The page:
Leveraging Municipal Bonds in the COVID-19 Crisis


The COVID-19 outbreak continues to stress financial markets around the world. As uncertainty remains high, investment opportunities in loans may dry up. Financial institutions should consider Bonds may present an alternative means to boost net interest income (NII), net interest margin (NIM), and return on risk-weighted assets.

In volatile conditions like these, financial institutions should be on the lookout for timely investment strategies, such as purchasing now-higher-yielding municipal bonds while hedging the interest-rate risk with funding from FHLBank Chicago. The 7-year AAA tax-exempt municipal bond index reached a 9-year peak nominal yield of 2.73% on March 23, 2020. This equates to a tax-equivalent yield (TEY) of 3.45% for C corporations taxed at 21%. Tax-exempt general obligation municipal bonds are backed by the full taxing authority of local governments. While yields have fallen from their peak on March 23, they are still attractive today. Credit risk is a consideration in this sector. However, historically, default rates are very low for investment-grade debt; municipal bond defaults averaged 0.18% from 1970 to 2016.

Pairing Bonds With Advances

FHLBank Chicago can provide attractive funding to purchase municipal bonds, and offers a unique way to hedge the interest-rate risk associated with them. The bonds’ cash flows are structured similarly to those of fixed rate advances. Matching the maturity dates of a fixed term advance and a municipal bond allows members to lock the income spread between the two. There is no prepayment risk associated with this sector due to a feature known as defeasance, which requires municipal borrowers to replace the cash flows of their current debt with treasury bonds if they decide to prepay—thus ensuring that investors receive their expected cash flow through the maturity date.

As shown in Table 1 below, FHLBank Chicago members could earn an average TEY of 2.16%, assuming a 21% tax rate, by supporting local municipalities through tax-exempt bond purchases. The premium would be amortized over the life of the bonds.

Table 1: Municipal Bond Portfolio Example


Members would pay a weighted average rate of 1.28%, or 1.06% net of the dividend benefit, for a mix of fixed rate advances closely matching the municipal bond portfolio. Table 2 shows the breakdown of executing fixed advances with the symmetrical prepayment option. This feature allows the member to capture a discount on the advance if market rates rise after execution. It can be utilized to offset market value losses on the municipal bond portfolio as rates rise. The advance rate is increased by 2 basis points for this feature.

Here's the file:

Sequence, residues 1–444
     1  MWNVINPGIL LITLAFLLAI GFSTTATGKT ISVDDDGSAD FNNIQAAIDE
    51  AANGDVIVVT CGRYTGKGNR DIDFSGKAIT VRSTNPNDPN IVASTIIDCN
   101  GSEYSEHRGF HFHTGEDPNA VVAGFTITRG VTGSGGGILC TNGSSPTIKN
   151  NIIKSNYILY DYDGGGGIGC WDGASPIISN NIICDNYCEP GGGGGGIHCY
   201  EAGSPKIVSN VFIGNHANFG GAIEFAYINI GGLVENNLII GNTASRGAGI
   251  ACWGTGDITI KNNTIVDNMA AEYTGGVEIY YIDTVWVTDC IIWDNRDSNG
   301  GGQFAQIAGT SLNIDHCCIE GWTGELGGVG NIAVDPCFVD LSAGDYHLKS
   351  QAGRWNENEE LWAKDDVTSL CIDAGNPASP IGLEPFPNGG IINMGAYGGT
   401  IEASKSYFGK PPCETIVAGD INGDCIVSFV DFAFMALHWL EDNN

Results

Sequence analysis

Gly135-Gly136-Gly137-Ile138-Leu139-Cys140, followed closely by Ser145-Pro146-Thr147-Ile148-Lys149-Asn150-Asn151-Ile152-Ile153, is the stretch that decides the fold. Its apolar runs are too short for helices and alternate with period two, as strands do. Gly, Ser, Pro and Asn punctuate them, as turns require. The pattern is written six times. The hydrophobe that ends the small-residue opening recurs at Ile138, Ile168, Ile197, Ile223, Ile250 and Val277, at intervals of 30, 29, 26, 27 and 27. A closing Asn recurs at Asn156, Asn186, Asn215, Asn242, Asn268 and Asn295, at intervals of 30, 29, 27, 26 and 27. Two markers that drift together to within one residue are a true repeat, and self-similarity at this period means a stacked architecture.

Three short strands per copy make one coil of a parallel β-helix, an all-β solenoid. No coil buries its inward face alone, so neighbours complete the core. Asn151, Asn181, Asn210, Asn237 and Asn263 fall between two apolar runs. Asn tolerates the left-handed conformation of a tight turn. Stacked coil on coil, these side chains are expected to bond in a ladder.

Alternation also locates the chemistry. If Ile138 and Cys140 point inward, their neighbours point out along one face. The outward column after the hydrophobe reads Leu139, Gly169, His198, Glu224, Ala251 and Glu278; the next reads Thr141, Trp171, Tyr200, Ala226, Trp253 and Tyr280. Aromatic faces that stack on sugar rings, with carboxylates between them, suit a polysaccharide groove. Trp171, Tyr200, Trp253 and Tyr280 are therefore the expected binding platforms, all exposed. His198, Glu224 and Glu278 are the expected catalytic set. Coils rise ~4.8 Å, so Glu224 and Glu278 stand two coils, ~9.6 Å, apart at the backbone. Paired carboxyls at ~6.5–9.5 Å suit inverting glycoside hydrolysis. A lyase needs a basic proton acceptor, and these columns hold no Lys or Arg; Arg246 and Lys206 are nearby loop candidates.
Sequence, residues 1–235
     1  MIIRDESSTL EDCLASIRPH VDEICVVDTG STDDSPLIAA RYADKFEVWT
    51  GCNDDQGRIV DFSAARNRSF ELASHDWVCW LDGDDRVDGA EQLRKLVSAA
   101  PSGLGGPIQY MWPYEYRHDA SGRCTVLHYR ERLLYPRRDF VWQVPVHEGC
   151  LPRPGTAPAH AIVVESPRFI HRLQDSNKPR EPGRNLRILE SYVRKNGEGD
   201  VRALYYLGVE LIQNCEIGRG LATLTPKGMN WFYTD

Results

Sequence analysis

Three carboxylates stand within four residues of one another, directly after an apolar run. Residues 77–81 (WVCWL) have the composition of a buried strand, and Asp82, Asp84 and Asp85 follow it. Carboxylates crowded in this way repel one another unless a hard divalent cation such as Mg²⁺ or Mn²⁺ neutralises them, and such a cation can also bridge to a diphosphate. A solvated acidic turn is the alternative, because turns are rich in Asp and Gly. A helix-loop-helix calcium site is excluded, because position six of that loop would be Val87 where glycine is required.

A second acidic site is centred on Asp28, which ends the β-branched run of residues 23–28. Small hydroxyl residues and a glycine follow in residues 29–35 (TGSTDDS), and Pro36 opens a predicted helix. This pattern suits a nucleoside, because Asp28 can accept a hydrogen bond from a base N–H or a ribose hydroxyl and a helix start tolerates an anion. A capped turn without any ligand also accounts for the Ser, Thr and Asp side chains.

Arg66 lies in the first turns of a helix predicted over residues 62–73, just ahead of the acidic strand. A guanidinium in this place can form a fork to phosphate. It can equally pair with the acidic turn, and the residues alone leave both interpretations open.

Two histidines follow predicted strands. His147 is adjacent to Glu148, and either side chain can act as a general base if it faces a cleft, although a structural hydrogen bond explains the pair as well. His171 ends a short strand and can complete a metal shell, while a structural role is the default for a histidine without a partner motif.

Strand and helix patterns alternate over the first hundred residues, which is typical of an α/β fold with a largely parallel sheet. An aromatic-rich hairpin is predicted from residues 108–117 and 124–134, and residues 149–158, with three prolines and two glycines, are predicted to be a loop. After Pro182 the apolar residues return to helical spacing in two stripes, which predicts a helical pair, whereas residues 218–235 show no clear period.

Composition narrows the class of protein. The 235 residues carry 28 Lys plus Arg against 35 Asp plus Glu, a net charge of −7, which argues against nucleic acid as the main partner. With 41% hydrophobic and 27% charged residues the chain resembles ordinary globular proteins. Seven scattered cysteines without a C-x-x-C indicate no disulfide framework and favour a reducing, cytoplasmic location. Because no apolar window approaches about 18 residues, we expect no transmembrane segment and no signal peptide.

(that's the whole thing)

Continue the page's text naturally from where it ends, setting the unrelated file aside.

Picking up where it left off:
Table 2: Fixed Rate Advance Funding Example


This strategy would produce a 1.10%, or $110,000 per year with a $10 million portfolio. Municipal bonds have a risk weighting of 20%. Therefore, the net return on risk-weighted assets is 4.44%. See Table 3 for the NII, NIM, and risk-weighted return projections.

Table 3: NII and NIM for Leverage Strategy Example 


The strategy protects against market value depreciation if interest rates rise. The unrealized loss of owning an asset at a below-market yield is offset by owning a liability at a lower rate. As shown in Figure 1, both the municipal bonds and the advance funding have the same interest rate sensitivity. Falling prices on the fixed advances would represent a discount to the borrower, and would offset losses from the municipal bonds. Members can take advantage of that discount through the symmetrical prepayment option, and prepay the advances at less than par.

Figure 1: Interest Rate Shock Scenarios


While municipal bonds are used in this leverage strategy, a variety of other investments could be used. Options include mortgage-backed securities (MBS), collateralized mortgage obligations (CMOs), commercial MBS, or Small Business Administration, corporate, or other bonds. Members can also use many different advance structures, with or without embedded options, to meet their needs.

To Learn More

If your institution would like more specific information about these strategies, please feel free to reach out to the Solutions team or your Sales Director at membership@fhlbc.com.


Nick Simoncelli
Senior Analyst, Sales, Strategy, and Solutions


The risks of using leverage strategies should be reviewed by each financial institution to ensure they do not breach any regulatory requirements and understand the characteristics of any investments and borrowings they are making before engaging in such a strategy. The scenarios in this paper were prepared without any consideration of your institution’s balance sheet composition, hedging strategies, or financial assumptions and plans, any of which may affect the relevance of these scenarios to your own analysis. The Federal Home Loan Bank of Chicago makes no representations or warranties about the accuracy or suitability of any information in this paper. This paper is not intended to constitute legal, accounting, investment, or financial advice or the rendering of legal, accounting, consulting, or other professional services of any kind. You should consult with your accountants, counsel, financial representatives, consultants, and/or other advisors regarding the extent these scenarios may be useful to you and with respect to any legal, tax, business, and/or financial matters or questions.

Federal Home Loan Bank of Chicago April 2020

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